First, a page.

In a further embodiment of the present invention, a method comprises allocating a vertical coordinate and a horizontal coordinate to each of a plurality of physical offices, assigning to each of at least one pair of redundant intermediate offices the physical office, associating a central office to the at least one pair of redundant intermediate offices, and mapping each of the at least one pair of assigned redundant intermediate offices to the physical office. The method may also include analyzing the mapped redundant intermediate offices to insure that the redundant intermediate offices which are associated with the central office are not located at the same physical office, creating a map based upon the assigned physical office of the at least one pair of redundant intermediate offices, color coding the created map to show the association between the at least one pair of redundant intermediate offices and the central office, extracting data from an assumptions worksheet, which includes multicast channel information, channel change behavior at peak time information and video on demand information, extracting data from a main input worksheet, which includes central office vertical coordinates, central office horizontal coordinates, a number of distribution areas and a number of households and extracting data from a central office statistics worksheet, which includes a data server location, a video on demand server location, a node name for each of the at least one redundant intermediate offices, a number of distribution areas per central office, a number of households per central office and expected household connection percentages for switch digital video, high speed internet and voice over internet protocol.

In yet a further embodiment, a system for traffic dimensioning in a metro area with Internet Protocol Television (IPTV) architecture comprises a processor for summing a total traffic comprised of a calculated video on demand traffic, a calculated instant channel change traffic, a calculated broadband television traffic, a calculated picture in picture traffic, a calculated voice over internet protocol traffic and a calculated high speed internet traffic for a central office in communication with at least one pair of redundant intermediate offices, and a memory for storing each summation and calculation. The processor may analyze the set of redundant intermediate offices to insure that each of the set of redundant intermediate office associated with the central office are located at different physical offices. The processor may extract assumptions data, which includes at least one of: multicast channel information, channel change behavior at peak time information and video on demand information. The processor may extract input data, which includes at least one of: central office vertical coordinates, central office horizontal coordinates, a number of distribution areas and a number of households, and the processor may extract central office data, which includes at least one of: a data server location, a video on demand server location, a node name for each of the at least one redundant intermediate offices, a number of distribution areas per central office, a number of households per central office and expected household connection percentages for switch digital video, high speed internet and voice over internet protocol.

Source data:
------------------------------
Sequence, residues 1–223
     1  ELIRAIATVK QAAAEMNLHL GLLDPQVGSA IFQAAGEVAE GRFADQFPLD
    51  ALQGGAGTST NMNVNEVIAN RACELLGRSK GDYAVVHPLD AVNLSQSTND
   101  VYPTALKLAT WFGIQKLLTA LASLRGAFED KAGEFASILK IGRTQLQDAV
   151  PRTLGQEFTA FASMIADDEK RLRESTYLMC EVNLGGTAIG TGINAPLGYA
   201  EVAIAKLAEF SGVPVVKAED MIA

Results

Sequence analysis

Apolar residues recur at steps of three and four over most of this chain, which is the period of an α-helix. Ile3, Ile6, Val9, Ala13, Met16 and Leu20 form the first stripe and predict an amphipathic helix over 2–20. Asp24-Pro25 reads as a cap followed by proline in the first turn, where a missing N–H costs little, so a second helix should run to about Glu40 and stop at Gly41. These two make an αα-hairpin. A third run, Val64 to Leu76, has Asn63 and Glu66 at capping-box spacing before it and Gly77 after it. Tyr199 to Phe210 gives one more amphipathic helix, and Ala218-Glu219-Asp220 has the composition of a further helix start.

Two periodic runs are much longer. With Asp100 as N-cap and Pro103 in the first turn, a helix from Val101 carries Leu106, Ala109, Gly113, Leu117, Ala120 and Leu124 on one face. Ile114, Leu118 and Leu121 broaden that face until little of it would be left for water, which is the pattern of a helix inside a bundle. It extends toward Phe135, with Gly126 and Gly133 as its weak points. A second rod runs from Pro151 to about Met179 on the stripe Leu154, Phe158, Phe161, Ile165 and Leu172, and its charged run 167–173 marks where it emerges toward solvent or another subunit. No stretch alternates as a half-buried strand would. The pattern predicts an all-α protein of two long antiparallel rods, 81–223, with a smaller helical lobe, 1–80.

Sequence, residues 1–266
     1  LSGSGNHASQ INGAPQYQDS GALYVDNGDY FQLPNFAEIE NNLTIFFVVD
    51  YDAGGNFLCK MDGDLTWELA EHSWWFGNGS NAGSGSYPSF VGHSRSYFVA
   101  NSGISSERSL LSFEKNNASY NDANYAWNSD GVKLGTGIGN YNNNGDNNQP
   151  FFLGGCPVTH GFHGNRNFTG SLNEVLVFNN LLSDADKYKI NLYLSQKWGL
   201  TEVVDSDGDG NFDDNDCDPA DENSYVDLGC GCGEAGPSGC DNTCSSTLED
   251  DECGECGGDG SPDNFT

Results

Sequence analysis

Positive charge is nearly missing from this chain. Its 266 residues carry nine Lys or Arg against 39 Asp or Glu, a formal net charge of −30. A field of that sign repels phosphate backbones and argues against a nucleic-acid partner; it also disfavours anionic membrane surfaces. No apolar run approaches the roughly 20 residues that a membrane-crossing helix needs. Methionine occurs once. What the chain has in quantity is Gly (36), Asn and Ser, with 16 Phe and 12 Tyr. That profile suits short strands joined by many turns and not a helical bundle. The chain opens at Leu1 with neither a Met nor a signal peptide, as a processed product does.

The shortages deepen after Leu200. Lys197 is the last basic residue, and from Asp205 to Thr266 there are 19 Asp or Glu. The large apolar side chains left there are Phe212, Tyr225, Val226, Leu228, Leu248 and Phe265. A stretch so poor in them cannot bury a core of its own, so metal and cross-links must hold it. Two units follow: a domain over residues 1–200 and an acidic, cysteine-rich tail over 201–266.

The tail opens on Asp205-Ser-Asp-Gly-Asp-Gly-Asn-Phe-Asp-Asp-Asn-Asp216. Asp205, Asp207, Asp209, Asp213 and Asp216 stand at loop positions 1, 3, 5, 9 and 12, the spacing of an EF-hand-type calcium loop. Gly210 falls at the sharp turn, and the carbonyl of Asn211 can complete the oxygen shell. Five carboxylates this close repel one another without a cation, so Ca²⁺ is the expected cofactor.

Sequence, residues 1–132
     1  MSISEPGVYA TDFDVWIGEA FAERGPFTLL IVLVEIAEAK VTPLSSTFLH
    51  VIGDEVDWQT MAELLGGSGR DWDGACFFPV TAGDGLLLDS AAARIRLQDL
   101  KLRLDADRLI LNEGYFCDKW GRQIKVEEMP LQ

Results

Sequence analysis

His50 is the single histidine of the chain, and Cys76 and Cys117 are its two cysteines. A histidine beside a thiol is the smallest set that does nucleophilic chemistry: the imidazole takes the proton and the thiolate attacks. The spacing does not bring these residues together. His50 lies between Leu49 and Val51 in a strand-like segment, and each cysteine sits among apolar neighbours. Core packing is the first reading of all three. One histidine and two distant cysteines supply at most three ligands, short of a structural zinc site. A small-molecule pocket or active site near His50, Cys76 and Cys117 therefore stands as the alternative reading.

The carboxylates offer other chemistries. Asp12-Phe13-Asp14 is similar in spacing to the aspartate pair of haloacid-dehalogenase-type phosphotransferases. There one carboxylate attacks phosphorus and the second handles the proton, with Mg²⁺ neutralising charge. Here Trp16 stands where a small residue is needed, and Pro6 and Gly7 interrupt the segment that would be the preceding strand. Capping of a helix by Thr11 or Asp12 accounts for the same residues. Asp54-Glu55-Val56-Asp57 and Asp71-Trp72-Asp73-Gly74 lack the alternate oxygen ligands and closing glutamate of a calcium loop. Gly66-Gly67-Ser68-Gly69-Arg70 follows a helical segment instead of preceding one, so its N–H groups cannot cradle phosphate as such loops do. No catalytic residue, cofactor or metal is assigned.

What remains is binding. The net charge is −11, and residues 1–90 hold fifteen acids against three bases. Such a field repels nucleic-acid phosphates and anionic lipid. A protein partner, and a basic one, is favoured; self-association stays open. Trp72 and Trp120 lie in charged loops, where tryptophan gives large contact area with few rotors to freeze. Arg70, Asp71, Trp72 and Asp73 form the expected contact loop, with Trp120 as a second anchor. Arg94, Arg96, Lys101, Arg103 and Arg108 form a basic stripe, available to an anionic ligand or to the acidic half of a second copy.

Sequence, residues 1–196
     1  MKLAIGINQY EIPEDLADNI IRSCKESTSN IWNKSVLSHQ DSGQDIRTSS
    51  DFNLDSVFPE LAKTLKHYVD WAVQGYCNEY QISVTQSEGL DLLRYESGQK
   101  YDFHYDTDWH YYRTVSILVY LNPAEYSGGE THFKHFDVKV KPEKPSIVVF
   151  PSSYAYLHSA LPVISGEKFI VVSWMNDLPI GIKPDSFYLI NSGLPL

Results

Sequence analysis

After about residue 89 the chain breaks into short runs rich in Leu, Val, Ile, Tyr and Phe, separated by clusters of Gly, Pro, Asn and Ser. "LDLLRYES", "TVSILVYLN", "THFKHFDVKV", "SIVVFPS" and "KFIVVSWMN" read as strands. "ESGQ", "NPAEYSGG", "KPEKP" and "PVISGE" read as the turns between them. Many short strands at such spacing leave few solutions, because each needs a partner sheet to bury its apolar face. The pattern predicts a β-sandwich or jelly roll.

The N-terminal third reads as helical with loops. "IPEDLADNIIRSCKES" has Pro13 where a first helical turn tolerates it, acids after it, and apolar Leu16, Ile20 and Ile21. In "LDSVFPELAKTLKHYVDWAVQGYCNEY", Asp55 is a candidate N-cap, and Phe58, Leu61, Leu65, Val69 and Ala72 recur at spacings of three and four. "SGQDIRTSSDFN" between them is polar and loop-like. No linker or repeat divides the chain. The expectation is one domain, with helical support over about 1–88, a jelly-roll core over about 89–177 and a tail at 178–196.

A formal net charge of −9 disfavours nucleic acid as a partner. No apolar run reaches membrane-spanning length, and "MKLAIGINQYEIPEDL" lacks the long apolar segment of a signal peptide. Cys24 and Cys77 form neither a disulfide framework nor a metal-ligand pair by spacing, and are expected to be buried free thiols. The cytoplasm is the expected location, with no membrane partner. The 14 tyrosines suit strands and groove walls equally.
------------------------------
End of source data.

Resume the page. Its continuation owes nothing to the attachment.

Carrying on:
BRIEF DESCRIPTION OF THE DRAWINGS

FIG. 1 depicts a system in accordance with a preferred embodiment of the present invention;

FIG. 2 depicts a Main Input Worksheet in accordance with a preferred embodiment of the present invention;

FIG. 3 depicts an Assumptions Input Worksheet in accordance with a preferred embodiment of the present invention;

FIG. 4 depicts a CO Statistics Worksheet in accordance with a preferred embodiment of the present invention;

FIG. 5 depicts a IOs Input Worksheet in accordance with a preferred embodiment of the present invention;

FIG. 6 depicts an example Network Map in accordance with a preferred embodiment of the present invention;

FIG. 7 depicts a Summary Worksheet Table in accordance with a preferred embodiment of the present invention;

FIG. 8 depicts a Summary Worksheet Chart in accordance with a preferred embodiment of the present invention;

FIG. 9 depicts a DA Statistics Output Worksheet in accordance with a preferred embodiment of the present invention;

FIG. 10 depicts a DA Traffic Output Worksheet in accordance with a preferred embodiment of the present invention;

FIG. 11 depicts a CO/IO Statistics Output Worksheet in accordance with a preferred embodiment of the present invention; and

FIG. 12 depicts a CO/IO Traffic Output Worksheet in accordance with a preferred embodiment of the present invention.

DETAILED DESCRIPTION OF THE INVENTION